The idea was to build a railroad across the steaming jungles of Costa Rica linking the country’s inland capital at San Jose to its main eastern port at Limon. The 95-mile-long project was aimed at making it quicker to carry coffee — Costa Rica’s principal export — from the plantations to the port vs. the decades-old system of moving the goods by ox carts plodding over horrid dirt roads.

Work on the railroad, originally expected to take five or so years, got underway in 1869. The first train rolled out 21 years later.

Some were surprised the project got finished at all, given its inept planning, contractor bankruptcies, financing frauds, rampant…

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Jamaican Fishermen Bemoan Pollution and Changing Environment

People of the Earth…this is beyond being a wake up call.

“Turtles see it and go after it (mistaking the bags for jellyfish), swallow it and it kills them,” McDonald said

This is a Call for Action!!!!

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In Jamaica, Junior McDonald is all for those making a living from the sea teaching their children more than the business of rod and reel, boat and net, but he calls for transferable skills, in recognition of the changing environment. Here are excerpts:

[. . .] “The economy has changed so much. The cost of living, the cost of equipment to go out to sea have gone up,” McDonald said. [. . .] Despite this, though, McDonald said people are not giving up fishing because “they see no alternatives”.

“That is why I propose among the fishermen and children of fishermen, we can identify those who can be equipped with alternative, transferable skills, in recognition of the changing environment. I will always be an advocate for that, because I believe in education,” McDonald said.

A member of the Old Harbour Bay Fisherman’s Co-operative, McDonald insisted: “There needs to be an…

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#TimeCapsuleTUESDAY: Poet Aliyah Oyemade: ‘When A City Loves’ – Ode to Cabrini Green (Chicago) Excerpt from WBEZ vimeo page: Year: 2011 Aliyah Oyemade, whose poem When a City Loves honors recently “deceased” public housing complex Cabrini Green. Over its sixty-some years Cabrini Green became synonymous with the problems of public housing: drugs, gangs, violence, and crushing poverty. Still, it was a bittersweet moment for some former residents when … Continue reading #TimeCapsuleTUESDAY: Poet Aliyah Oyemade: ‘When A City Loves’ – Ode to Cabrini Green (Chicago)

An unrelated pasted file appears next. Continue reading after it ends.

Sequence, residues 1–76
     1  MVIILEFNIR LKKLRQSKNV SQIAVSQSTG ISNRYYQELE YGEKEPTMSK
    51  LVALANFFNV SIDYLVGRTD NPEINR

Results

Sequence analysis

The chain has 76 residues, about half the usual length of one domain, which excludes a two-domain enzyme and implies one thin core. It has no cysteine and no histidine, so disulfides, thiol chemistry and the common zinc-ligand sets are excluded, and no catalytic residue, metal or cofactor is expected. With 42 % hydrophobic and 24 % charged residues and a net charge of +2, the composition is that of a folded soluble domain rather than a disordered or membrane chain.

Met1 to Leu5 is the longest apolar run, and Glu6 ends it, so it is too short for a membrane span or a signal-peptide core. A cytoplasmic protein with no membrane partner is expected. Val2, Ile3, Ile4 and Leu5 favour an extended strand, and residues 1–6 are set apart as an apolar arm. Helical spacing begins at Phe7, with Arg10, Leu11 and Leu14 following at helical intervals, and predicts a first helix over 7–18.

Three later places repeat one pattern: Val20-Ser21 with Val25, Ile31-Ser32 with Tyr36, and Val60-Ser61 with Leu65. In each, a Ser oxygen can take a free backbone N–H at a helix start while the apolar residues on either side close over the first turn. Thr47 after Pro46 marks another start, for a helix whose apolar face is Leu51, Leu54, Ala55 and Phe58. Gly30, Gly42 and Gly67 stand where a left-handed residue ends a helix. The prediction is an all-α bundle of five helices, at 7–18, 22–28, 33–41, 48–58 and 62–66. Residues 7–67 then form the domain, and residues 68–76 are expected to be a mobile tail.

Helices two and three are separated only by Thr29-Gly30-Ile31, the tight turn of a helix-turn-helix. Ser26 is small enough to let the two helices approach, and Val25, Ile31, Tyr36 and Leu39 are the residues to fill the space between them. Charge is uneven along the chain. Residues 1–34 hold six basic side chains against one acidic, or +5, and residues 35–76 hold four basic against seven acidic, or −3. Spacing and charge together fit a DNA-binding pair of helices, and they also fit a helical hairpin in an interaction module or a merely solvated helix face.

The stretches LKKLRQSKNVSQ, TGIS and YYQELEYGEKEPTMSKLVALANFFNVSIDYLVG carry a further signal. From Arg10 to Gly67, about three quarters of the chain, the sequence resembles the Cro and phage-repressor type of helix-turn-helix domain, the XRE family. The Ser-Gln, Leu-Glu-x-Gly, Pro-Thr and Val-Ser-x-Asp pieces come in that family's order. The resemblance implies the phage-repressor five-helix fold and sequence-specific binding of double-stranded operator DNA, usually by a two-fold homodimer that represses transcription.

From Within and Without: The History of Haitian Photography.

Support the Artz: Photos & Essays compiled to give a glimpse of Haiti..

Krik? Krak!


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NSU Art Museum of Fort Lauderdale, 1 E. Las Olas Blvd., is publishing a catalog commemorating the groundbreaking exhibit From Within and Without: The History of Haitian Photography. The book ($35 at the museum store or comprises 96 illustrated pages with essays by Edouard Duval-Carrié, Emilie Boone, Donald Consentino, Edwidge Danticat, Laurent Dubois, Kimberly Green, Margaret Mitchell Armand, Alfredo Rivera, Maggie Steber and Edward Sullivan. A signing is scheduled for 3 p.m. Sept. 12, after a 2 p.m. lecture by Laurent Dubois, director of Duke University’s Forum for Scholars and Publics, whose most recent book is titled Haiti: The Aftershocks of History. To RSVP, call 954-262-0204 or visit


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West Indian Day Parade: NYC Celebrates Caribbean Culture

Big Ups to All Afro-Caribbeans celebrating the wondrous confluence of Our CULTURE …

Be Safe & Enjoy the Celebrations!!!

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The annual Caribbean street party known as J’Ouvert begins in the pre-dawn hours Monday in Brooklyn, a festive prelude to the West Indian Day Parade.

The J’Ouvert mini-parade starts at Grand Army Plaza and proceeds down Flatbush Avenue and east on Empire Boulevard to Nostrand Avenue.

Hundreds of thousands are expected to participate in the celebration of Caribbean culture.

Three grand marshals will lead this year’s West Indian Day Parade: Maxine Williams, Global Director of Diversity at Facebook; U.S. Virgin Islands Gov. Kenneth Mapp, who was born in Brooklyn; and Earl Phillips, secretary treasurer of the Transport Workers Union, Local 100.

The parade is scheduled to begin at 11 a.m. at Eastern Parkway and Schenectady Avenue and will end at around 6 p.m. on Grand Army Plaza in Prospect Park.

Eastern Parkway will be closed between Howard Avenue and Grand Army Plaza during the parade.

For the original report go…